Many of the coppersmiths here operate small independent businesses hat have been passed down through their families for generations. You will only really see men working in this trade.
Meanwhile, the ladies of the village will create beautiful carpets and knitted clothing items. Throughout the year, you will find locals sitting at the sides of the streets selling fresh herbs that they have gathered locally – a perfect edible gift for your loved ones back at home.
The village of Lahic is much more touristic these days. For instance, it’s likely that colourful Ali Baba hats and fridge magnets were not for sale in the times of the camel caravan traders!
However among the facades, there is authenticity to be found. Behind the main streets, you can find the workshops of many artisans, weavers, blacksmiths, and copper craftsmen.
Locals are usually more than happy to welcome the weary traveller inside and to show them how they perfect their wares. They will gladly discuss their trade with you without expecting you to purchase something in return. The village is a perfect stopping point on any Azerbaijan itinerary.
Where to Stay in Lahic
There are plenty of charming guesthouses and homestays in Lahic. Even if you simply rock up to the town with nowhere booked to stay, you will find that many of the villagers here are happy to rent out their spare rooms and welcome the opportunity for a cultural exchange with travelelrs.
A First-Hand Account of Visiting Lahic, Azerbaijan
The marshrutka I was travelling in screeched abruptly to a halt and everyone inside lurched forward. The driver grunted and gestured to me that it was time for me to leave. I was travelling to Lahic, though the bus didn’t stop there, and my host in Shamakhi had negotiated with the driver to drop me somewhere nearby.
As it transpires, “somewhere nearby” happened to be a fork in the road surrounded by remote farmland. He dropped my suitcase to the floor and sped off towards Qabala, leaving me in a cloud of dust.
I glanced across to the road sign. It was 18km from here to Lahic.
Almost on cue, a mint green Lada cab came hurtling towards me along the deserted highway. He said he would drive me to Lahic for 20 manat, which I haggled down to 15. I had no frame of reference as to whether this was a “good” price to get to Lahic, or not so I handed over the amount.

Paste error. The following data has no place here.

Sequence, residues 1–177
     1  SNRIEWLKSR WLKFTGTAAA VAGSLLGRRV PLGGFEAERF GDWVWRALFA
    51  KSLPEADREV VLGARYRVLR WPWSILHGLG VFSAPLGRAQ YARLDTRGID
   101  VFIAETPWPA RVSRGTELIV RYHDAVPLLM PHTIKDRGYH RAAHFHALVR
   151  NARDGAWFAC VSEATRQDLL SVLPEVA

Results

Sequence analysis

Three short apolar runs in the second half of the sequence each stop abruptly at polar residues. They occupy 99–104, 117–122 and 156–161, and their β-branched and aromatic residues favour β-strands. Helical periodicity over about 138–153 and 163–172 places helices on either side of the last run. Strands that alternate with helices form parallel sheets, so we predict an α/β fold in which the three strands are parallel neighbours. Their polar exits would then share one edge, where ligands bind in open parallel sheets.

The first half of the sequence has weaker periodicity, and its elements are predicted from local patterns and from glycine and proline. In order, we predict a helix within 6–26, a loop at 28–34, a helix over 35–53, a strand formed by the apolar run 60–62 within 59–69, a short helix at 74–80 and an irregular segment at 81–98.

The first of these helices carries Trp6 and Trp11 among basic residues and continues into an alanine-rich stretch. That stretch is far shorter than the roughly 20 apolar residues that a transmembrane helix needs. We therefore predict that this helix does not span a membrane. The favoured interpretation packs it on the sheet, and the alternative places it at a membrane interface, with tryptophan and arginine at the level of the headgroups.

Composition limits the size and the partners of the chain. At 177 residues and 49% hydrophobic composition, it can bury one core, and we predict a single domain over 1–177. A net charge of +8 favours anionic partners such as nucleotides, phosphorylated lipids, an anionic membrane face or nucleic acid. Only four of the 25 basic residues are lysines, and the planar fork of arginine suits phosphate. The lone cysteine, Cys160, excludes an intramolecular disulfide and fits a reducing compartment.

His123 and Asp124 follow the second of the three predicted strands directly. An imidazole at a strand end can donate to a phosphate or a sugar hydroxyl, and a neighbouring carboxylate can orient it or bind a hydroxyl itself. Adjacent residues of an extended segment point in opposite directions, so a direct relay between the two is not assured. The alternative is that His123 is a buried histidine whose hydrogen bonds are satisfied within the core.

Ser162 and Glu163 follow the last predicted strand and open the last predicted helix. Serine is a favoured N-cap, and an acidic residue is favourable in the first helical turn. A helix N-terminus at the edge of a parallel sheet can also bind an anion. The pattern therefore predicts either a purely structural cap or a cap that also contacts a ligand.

The Terrifying Mountain Road to Lahic
The road to Lahic is both dangerous and beautiful. Think winding roads, wide enough only for one car to pass through, with sheer drops off a cliff’s edge on either side.
Additionally, the journey is taking place in an old Lada which lets out billows of thick black smoke and makes questionable noises as it accelerates uphill. My driver was comical. He seemed almost like a caricature in his mannerisms.
He fiddled around lighting his cigarette and rummaging around in his pocket for a mint. Then having to frantically reach back for the steering wheel and turn it hurriedly to ensure that he didn’t veer us over the edge of a cliff.
When he saw something of note. For instance, a small waterfall, a particularly beautiful mountain range or dense forests filled with running horses, he would nudge me excitedly with a “eh? Eh?” It was as if he too were seeing this for the first time.
How to Get to Lahic
The easiest way to get to Lahic is via a marshrutka (shared taxi) to Ismailli. This is your best and cheapest option if you are travelling from Baku, Sheki, Qabala, or some of the small villages in the area. For instance, Xinaliq, Quba, etc.
The only reason I was dropped at a fork in the road was because I was travelling from Shamakhi and I figure that the driver thought it would be easier to drop me here than to travel to Ismaili and then backtrack.
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If you have any additional questions and concerns about planning a trip to Azerbaijan, or about exploring Azerbaijan as a solo female traveller, please don’t hesitate to drop me a comment in the box below. You may also find this Azerbaijan Travel Guide useful.
Wishing you safe travels, always! Melissa xo